Ghost Rider 2: Spirit of Vengeance (2012)

Ghost Rider 2: Spirit of Vengeance (2012)
Ghost Rider 2: Spirit of Vengeance (2012) DVD / Blu-ray

By: Bill Arceneaux (Six Pack) –
How many beers do you recommend for this movie?
1 Beer! A Toast! Great Movie!2 Beers! Good Movie!3 Beers! Okay Movie!4 Beers! Mediocre Movie!5 Beers! Awful Movie!6-Pack! Bad movie! Do not be Sober!

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They warned me on twitter, and they warned me here on MovieBoozer. Stubbornly, I went ahead anyways.

The trailer looked good. The behind the scenes footage looked surreal. The directors were cool. The actor was crazy. All of this should add up to a fun flick, right?

Nope. They were right, and I was wrong.

I should’ve listened…

Ghost Rider: Spirit Of Vengeance finds Johnny Blaze (Nicolas Cage) hiding out in Eastern Europe, trying to keep the satanic curse that plagues him – transforming into the Ghost Rider – at bay. An opportunity to lift the curse is presented to him, provided that he prevent the devil from entering the body of a young boy. And…that’s it, really. A bad guy or two shows up, some fights happen, etc.

A Toast

Neveldine/Taylor get some credit here. Outside of the extremely bare-bones story and impatient “let’s get this movie over with already” pace, the directors provide us with in your face photography, some playful comedy, and bizarre moments that I would expect from a Nine Inch Nails music video. If they had let more of that crazy out instead of saving it for a few scenes, I probably would just stop the review here.

Also worth noting is the performance of…Ciaran Hinds (I bet you thought it was gonna be Nicolas Cage). Hinds was genuinely creepy here as the devil, though I’m not sure what did it; his stroke victim appearance, his voice, or his stare. I really wanted to see Moreau (Idris Elba) get the best of him (I bet you thought I was gonna say Ghost Rider).

Beer Two

This movie should be called requel – it happens to be the second in a series, but it also rewrites the events of the first movie. Character motivations, names, and appearances are different. This is fine when doing a reboot or something, but when you cast the same actor as the same lead character from before, it just makes things confusing (watch the Highlander films). You might enjoy this more if you never saw the first one (might, of course).

Beer Three

Nicolas Cage almost always delivers an entertaining performance. However, aside from playing Johnny Blaze as if he were still on the set of Bad Lieutenant, Cage just kind of goes through the motions here. Yes, he tries to push his skull through his face a few times, but it seems pretty forced; it felt like he was giving an impersonation of a Nicolas Cage performance, instead of being genuinely crazy. And his delivery of the narration dialogue is devoid of any personality. Considering the directors involved, not to mention the subject matter, this is a huge disappointment.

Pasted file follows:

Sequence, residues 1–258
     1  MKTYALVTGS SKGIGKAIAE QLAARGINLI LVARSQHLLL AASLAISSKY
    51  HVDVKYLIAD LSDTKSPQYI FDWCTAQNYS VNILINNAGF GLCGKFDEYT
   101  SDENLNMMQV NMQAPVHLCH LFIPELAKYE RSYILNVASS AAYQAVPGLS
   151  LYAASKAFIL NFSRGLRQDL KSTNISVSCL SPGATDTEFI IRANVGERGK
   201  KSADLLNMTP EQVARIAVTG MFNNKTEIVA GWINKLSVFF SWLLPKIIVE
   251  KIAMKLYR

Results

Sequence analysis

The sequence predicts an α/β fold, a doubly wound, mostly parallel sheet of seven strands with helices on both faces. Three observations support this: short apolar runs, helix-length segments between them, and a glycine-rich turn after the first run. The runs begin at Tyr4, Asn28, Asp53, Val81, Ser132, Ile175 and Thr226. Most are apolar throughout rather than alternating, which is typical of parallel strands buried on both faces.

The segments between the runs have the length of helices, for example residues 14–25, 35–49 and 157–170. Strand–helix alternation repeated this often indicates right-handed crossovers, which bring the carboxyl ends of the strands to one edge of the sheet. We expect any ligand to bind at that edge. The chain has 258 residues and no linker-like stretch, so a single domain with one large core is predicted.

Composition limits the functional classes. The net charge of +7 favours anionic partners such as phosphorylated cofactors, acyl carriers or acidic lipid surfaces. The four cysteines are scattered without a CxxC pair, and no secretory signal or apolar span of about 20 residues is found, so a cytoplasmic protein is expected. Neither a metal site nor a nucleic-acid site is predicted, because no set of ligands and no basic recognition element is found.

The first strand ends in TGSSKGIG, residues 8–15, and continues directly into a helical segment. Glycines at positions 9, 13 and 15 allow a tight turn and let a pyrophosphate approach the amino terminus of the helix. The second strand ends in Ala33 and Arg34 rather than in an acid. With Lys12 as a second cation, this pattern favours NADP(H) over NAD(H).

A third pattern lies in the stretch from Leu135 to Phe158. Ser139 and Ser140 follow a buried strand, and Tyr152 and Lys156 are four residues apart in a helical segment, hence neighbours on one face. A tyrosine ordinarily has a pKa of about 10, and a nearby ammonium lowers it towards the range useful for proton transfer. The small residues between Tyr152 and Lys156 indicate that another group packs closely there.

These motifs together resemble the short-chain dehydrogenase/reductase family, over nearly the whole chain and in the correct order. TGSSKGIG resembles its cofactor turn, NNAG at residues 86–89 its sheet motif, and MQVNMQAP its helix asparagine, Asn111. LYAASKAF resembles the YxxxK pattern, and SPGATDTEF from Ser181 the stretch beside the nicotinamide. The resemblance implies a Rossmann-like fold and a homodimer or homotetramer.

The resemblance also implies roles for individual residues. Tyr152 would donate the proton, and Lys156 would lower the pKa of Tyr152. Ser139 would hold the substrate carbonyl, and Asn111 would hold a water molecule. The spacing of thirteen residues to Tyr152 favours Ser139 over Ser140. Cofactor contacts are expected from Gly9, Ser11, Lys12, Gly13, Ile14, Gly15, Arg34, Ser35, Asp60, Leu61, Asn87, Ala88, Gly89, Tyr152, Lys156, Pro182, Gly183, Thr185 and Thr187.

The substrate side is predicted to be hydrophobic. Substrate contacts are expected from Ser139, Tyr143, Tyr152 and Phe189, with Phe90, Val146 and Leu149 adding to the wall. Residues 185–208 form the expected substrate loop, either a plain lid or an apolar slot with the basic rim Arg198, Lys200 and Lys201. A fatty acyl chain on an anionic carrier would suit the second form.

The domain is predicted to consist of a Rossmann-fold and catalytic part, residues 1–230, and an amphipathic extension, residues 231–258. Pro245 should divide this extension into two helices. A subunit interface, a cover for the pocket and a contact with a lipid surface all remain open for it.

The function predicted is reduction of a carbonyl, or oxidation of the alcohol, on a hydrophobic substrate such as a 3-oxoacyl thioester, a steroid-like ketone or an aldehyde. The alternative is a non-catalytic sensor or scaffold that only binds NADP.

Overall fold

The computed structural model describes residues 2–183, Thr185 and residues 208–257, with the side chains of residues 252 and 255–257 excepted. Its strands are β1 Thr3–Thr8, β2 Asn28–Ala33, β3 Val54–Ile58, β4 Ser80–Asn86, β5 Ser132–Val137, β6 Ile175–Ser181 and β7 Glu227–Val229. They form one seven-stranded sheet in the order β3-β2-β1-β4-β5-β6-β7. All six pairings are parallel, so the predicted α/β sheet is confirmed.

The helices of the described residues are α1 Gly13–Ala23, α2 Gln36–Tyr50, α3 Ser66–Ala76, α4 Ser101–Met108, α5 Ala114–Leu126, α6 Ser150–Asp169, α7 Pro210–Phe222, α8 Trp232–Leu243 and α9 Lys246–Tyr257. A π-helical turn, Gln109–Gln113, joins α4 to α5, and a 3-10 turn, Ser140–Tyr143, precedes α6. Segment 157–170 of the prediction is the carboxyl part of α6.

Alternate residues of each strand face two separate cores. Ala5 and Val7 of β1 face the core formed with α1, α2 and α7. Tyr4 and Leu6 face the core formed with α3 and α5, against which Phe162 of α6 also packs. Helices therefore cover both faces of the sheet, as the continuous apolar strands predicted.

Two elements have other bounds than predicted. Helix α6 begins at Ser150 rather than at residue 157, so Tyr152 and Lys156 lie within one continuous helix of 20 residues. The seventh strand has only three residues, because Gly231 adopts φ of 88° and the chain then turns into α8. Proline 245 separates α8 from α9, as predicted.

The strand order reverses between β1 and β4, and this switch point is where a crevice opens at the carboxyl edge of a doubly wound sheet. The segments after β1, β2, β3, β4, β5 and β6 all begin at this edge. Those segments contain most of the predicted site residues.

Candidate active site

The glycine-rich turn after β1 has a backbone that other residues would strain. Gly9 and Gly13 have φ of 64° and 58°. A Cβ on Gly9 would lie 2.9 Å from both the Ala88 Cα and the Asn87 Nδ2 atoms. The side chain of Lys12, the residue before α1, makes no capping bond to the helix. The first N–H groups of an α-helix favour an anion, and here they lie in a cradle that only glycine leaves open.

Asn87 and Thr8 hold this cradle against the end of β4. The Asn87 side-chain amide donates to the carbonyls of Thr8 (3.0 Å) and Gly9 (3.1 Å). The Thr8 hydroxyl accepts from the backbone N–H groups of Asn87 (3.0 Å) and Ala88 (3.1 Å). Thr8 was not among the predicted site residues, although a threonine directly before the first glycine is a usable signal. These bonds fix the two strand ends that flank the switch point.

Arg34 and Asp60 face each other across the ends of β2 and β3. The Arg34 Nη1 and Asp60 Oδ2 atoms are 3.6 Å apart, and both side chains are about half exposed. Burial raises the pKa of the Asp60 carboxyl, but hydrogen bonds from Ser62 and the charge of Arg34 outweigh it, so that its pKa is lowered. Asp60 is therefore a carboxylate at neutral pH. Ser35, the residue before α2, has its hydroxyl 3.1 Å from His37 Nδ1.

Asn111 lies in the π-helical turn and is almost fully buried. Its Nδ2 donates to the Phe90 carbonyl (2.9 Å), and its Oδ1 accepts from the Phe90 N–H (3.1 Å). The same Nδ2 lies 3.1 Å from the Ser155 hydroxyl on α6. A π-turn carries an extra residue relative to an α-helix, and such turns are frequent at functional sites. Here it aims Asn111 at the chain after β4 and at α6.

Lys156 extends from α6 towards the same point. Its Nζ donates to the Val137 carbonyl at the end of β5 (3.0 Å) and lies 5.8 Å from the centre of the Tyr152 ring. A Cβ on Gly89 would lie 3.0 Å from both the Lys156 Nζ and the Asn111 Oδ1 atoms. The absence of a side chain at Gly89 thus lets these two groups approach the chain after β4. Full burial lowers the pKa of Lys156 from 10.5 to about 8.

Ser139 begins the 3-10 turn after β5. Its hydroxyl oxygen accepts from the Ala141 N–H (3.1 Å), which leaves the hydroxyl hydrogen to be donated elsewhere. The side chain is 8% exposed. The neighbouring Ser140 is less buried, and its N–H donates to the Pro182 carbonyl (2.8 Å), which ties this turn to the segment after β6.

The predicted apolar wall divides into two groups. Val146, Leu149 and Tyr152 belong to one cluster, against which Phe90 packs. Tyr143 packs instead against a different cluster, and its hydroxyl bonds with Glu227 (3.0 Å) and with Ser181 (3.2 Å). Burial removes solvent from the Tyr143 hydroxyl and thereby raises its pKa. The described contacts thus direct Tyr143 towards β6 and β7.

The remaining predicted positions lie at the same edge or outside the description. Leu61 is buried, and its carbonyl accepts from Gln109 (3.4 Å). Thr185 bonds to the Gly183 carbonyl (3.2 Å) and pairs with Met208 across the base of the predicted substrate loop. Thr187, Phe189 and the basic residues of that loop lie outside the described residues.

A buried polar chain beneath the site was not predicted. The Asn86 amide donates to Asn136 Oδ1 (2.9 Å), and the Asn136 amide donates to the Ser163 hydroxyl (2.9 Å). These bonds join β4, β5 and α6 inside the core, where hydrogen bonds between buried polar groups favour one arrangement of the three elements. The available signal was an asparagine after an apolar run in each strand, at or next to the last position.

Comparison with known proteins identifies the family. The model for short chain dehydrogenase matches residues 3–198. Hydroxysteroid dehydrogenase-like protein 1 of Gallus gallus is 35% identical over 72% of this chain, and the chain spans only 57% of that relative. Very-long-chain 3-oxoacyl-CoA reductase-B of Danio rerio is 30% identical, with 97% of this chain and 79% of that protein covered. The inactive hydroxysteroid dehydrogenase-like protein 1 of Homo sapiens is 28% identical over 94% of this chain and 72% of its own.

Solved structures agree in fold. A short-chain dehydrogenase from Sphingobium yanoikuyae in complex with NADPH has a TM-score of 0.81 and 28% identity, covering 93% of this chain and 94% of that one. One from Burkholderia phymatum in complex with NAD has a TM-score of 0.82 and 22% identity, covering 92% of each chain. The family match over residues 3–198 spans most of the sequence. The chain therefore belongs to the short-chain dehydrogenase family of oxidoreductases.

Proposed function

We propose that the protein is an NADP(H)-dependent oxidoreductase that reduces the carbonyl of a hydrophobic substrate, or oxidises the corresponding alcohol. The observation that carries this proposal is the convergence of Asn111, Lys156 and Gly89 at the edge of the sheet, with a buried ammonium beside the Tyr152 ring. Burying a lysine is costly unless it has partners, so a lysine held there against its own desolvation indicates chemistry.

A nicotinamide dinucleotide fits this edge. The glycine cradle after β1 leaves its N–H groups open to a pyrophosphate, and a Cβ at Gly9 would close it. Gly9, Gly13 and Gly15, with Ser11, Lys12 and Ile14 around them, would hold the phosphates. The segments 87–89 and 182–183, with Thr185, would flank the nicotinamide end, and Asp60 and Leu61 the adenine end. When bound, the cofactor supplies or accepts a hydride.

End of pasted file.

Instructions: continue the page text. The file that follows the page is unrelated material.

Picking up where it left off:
How I felt during the movie.

Beers Four, Five AND Six

I’m gonna wrap things up here, and just suggest you pour the next three beers into a funnel and shotgun from there.

The biggest problem with the movie is the character of Johnny Blaze. Normally, the protagonist in a superhero film is someone we grow to care about. But I just can’t say the same about Blaze.

The best reason why might be that I’m not given good reason to care about Johnny’s plight. Here, his motivation is to rid himself of his powers (even though in the previous film, he accepts the abilities for good. But remember, this is a requel) and live a normal life. He claims that he can’t control the demon, and that bad things can happen to anyone. But, none of the good guys are harmed or in any real danger by his powers; he seems to be in control when beating up gangsters and other bad guys. What’s the problem?

In contrast, remember Spiderman 2? We get to see Peter Parker struggle with having a life and being a hero, and by the middle of the film, we understand why he backs away. In GR2, we see Johnny act like a heroin addict in withdrawal, bitching about non-existent negatives of having super powers. Meanwhile, Moreau, a supporting character, is trying to protect a boy from becoming the Anti Christ, hold onto his faith, and keep his alcoholism in check. If the movie had been about him instead, I wouldn’t have wanted to walk out of the theatre.

Verdict

Six beers might be one too many, but considering that I was expecting a fun, somewhat dark, Nic Cage ridiculous fest, and got instead an urge to go to sleep…

Looks like a good idea.

 

Bonus Drinking Game

Take a Drink: when you start to think that a DVD Extended/Director’s Cut would be an improvement.

Take a Drink: whenever you feel Nicolas Cage is almost out of place.

Drink a Shot: When you realized you could’ve gotten a free ticket to this, but paid for it instead.

About Bill Arceneaux

Independent film critic from New Orleans and member of the Southeastern Film Critics Association (SEFCA).

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